Uses of the clicker
There are, in fact, training situations when I might choose not to use a clicker. Broadly speaking, if I can deliver primary reinforcement quickly and accurately, and I can meet my other goals, I might choose to use primary reinforcement without incorporating a clicker. The study doesn’t change those practices. It has been my experience that under most training conditions it is quite difficult to deliver the primary reinforcer directly and achieve the needed level of precision. 

I am a strong proponent of using some type of signal to mark behavior in training. I find the use of a clicker (or other distinct stimulus) valuable for many reasons; the speed of behavioral acquisition, the focus of the Gilchrist et al. study, has never been a primary reason. In my personal experience, it seems to be true that animals learn faster when a clicker is used—but studies such as this one will help me examine that perceived benefit more critically.

Under the study conditions, the clicker does not appear to slow down or speed up behavior acquisition. However, there may be other conditions (more complex behavior, older or more experienced dogs, different species, and other reasons discussed below) where the clicker may be helpful in speeding up learning. These are interesting considerations that will require more investigation. 

Training conditions (outside the scope of the study)

There are many conditions under which I find a clicker helpful, and I would welcome research on them. Here are a few:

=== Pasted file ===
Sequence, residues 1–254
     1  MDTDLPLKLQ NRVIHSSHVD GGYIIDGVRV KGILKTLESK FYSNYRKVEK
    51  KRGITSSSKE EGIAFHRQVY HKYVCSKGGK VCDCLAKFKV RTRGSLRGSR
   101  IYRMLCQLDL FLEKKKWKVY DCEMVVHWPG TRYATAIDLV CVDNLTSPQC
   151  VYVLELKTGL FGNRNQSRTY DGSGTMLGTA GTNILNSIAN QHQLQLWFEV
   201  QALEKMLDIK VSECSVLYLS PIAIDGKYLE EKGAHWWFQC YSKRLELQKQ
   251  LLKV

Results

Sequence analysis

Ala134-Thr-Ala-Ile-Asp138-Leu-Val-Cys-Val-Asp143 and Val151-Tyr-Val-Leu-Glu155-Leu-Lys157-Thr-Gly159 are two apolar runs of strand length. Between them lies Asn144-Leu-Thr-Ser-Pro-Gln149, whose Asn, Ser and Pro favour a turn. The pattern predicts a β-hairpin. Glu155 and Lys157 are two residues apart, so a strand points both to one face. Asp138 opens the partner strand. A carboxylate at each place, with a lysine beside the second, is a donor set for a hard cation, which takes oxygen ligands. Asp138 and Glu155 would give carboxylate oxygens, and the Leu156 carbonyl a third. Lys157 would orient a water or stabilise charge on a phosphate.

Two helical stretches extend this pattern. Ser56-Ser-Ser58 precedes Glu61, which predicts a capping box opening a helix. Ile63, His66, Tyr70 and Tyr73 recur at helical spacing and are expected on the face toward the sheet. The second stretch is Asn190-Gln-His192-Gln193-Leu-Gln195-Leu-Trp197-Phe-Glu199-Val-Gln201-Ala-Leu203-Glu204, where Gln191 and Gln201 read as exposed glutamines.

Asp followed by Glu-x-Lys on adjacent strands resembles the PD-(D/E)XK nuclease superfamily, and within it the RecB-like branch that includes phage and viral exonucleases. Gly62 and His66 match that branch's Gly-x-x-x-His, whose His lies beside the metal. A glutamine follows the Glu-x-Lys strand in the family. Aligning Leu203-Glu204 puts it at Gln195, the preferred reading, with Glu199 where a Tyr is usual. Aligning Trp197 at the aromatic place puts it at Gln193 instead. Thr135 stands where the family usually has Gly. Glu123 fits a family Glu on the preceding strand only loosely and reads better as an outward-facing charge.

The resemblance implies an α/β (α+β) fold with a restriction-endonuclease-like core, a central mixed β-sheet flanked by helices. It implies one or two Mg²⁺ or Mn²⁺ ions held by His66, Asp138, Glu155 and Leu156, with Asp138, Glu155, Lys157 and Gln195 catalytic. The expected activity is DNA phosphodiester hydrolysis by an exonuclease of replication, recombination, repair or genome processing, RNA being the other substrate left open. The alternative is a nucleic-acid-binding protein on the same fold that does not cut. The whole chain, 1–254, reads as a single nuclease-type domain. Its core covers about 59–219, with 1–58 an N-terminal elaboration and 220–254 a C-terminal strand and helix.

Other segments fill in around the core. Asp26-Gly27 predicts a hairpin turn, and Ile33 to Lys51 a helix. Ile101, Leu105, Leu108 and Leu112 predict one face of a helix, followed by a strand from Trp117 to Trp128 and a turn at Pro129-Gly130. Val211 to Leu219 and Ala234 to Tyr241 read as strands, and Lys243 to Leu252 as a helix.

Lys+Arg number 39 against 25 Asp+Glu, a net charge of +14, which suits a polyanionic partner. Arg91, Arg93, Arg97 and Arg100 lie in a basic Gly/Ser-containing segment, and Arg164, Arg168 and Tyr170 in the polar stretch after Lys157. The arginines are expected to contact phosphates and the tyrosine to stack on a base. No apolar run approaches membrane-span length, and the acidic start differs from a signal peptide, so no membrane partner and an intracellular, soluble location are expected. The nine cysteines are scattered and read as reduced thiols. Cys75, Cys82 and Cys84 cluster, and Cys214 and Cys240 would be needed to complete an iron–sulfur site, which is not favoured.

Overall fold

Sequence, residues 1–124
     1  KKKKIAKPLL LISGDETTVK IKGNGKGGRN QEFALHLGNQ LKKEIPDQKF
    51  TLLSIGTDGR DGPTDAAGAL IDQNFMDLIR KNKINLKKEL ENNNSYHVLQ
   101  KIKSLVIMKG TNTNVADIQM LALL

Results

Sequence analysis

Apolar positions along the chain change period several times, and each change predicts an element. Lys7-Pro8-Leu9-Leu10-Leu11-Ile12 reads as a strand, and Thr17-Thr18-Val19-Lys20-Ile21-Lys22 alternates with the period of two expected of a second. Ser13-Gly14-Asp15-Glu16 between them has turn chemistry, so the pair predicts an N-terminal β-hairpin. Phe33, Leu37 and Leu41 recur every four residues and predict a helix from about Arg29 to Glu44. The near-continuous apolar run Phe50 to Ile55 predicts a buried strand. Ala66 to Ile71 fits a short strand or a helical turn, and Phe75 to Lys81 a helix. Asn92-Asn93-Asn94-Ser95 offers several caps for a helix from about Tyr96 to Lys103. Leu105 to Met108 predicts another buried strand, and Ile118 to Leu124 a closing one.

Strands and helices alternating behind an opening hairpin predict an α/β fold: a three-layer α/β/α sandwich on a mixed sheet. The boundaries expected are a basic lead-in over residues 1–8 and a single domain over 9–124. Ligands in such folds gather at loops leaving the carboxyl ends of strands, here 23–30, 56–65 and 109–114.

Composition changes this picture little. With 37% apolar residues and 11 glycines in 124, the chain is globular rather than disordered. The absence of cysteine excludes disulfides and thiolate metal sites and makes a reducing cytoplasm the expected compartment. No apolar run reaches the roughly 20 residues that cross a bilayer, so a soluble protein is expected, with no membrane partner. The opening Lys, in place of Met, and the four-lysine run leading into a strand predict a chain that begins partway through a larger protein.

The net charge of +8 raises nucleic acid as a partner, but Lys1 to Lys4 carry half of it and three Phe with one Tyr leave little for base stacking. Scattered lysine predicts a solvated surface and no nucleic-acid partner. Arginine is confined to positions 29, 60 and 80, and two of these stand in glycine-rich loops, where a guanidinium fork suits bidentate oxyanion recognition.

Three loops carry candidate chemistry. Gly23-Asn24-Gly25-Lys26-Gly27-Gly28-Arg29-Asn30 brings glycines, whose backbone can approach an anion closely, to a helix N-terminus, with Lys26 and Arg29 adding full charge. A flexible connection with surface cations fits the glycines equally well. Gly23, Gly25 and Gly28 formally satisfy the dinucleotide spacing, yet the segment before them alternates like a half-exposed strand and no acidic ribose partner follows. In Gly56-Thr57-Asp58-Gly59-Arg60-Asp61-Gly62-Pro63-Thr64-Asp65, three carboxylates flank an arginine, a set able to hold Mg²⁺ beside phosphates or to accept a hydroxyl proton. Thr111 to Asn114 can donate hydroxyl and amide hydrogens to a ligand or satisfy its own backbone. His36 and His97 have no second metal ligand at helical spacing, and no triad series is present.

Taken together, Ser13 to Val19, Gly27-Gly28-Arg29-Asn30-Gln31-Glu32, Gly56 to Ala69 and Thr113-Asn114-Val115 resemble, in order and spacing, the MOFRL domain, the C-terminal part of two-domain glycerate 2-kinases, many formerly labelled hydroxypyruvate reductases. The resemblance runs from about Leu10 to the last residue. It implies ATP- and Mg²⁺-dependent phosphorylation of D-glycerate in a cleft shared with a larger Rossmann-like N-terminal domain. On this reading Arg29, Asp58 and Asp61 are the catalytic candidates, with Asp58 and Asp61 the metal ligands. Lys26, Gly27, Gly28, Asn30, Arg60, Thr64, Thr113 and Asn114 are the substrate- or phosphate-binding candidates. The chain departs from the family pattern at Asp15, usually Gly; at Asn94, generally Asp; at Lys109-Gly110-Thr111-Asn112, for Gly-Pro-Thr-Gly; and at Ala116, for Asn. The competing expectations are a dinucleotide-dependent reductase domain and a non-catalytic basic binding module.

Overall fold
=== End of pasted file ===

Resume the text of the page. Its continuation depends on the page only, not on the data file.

• Working at a distance. The Gilchrist et al. study attempted to look at the effects of working at a distance, but the researchers worked only within a single room, and the greatest distance achieved in the study was about 20 feet. For me, the advantage of the clicker working at a distance is when the animal is out of sight and cannot see the trainer. The click (or other marker signal) allows the trainer to communicate accurate completion of the goal behavior and may serve as both a secondary reinforcer for the behavior completed and as a cue to come back for primary reinforcement. 
  • Behaviors that need to be repeated or need duration. I often train animals to offer behavior continuously, and the clicker lets them know when to stop and come back for primary reinforcement. Examples include vocalization (the dog barks when cued and continues barking until he hears the click), medical behaviors (the animal moves into position for a medical exam where duration may vary and he may not be in a position where he can see me, but he continues to offer the behavior until he hears the click), or dolphin jumps (when I worked with dolphins they were taught to leap into the air over and over again, until cued to stop and come to me for reinforcement). Although the Gilchrist et al. study looked at the duration of a simple behavior, the trainer in the study was able to deliver the reinforcer immediately at the end of the required duration, which is not the case in many of the practical scenarios I have described. 
  • Precision for complex behaviors. The study looked at a particular type of precision but did not investigate some of the more intricate ways that a clicker is useful in certain complex contexts. In film work, for example, we often found the need to change details of the behavior after the director looked at the behavior through the camera. We were often challenged with shaping the behavior on set, without having the time to go away and retrain. I worked with dogs that learned direction cues like right, left, up, and down, and the clicker was used to pinpoint exactly where their heads should be pointed. This specificity was critical to the camera shot and I found the clicker to be a very efficient way of getting that specificity quickly.